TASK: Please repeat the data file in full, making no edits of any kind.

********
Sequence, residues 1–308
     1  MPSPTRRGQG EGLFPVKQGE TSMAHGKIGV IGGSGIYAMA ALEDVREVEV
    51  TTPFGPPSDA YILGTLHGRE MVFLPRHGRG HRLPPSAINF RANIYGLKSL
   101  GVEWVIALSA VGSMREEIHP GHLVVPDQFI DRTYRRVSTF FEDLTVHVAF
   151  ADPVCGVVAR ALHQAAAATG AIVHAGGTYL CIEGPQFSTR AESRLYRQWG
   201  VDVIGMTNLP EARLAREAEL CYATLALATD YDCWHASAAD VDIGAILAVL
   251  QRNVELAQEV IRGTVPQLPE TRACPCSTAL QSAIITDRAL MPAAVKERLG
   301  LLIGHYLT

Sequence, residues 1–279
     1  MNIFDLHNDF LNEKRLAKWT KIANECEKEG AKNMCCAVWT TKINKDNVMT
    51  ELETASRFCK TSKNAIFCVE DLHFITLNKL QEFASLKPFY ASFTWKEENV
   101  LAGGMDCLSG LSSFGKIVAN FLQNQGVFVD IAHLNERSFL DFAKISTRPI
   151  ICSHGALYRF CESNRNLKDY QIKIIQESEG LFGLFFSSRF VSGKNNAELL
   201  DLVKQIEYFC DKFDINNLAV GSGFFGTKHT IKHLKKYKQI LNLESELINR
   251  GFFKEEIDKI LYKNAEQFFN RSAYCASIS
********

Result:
Sequence, residues 1–308
     1  MPSPTRRGQG EGLFPVKQGE TSMAHGKIGV IGGSGIYAMA ALEDVREVEV
    51  TTPFGPPSDA YILGTLHGRE MVFLPRHGRG HRLPPSAINF RANIYGLKSL
   101  GVEWVIALSA VGSMREEIHP GHLVVPDQFI DRTYRRVSTF FEDLTVHVAF
   151  ADPVCGVVAR ALHQAAAATG AIVHAGGTYL CIEGPQFSTR AESRLYRQWG
   201  VDVIGMTNLP EARLAREAEL CYATLALATD YDCWHASAAD VDIGAILAVL
   251  QRNVELAQEV IRGTVPQLPE TRACPCSTAL QSAIITDRAL MPAAVKERLG
   301  LLIGHYLT

Sequence, residues 1–279
     1  MNIFDLHNDF LNEKRLAKWT KIANECEKEG AKNMCCAVWT TKINKDNVMT
    51  ELETASRFCK TSKNAIFCVE DLHFITLNKL QEFASLKPFY ASFTWKEENV
   101  LAGGMDCLSG LSSFGKIVAN FLQNQGVFVD IAHLNERSFL DFAKISTRPI
   151  ICSHGALYRF CESNRNLKDY QIKIIQESEG LFGLFFSSRF VSGKNNAELL
   201  DLVKQIEYFC DKFDINNLAV GSGFFGTKHT IKHLKKYKQI LNLESELINR
   251  GFFKEEIDKI LYKNAEQFFN RSAYCASIS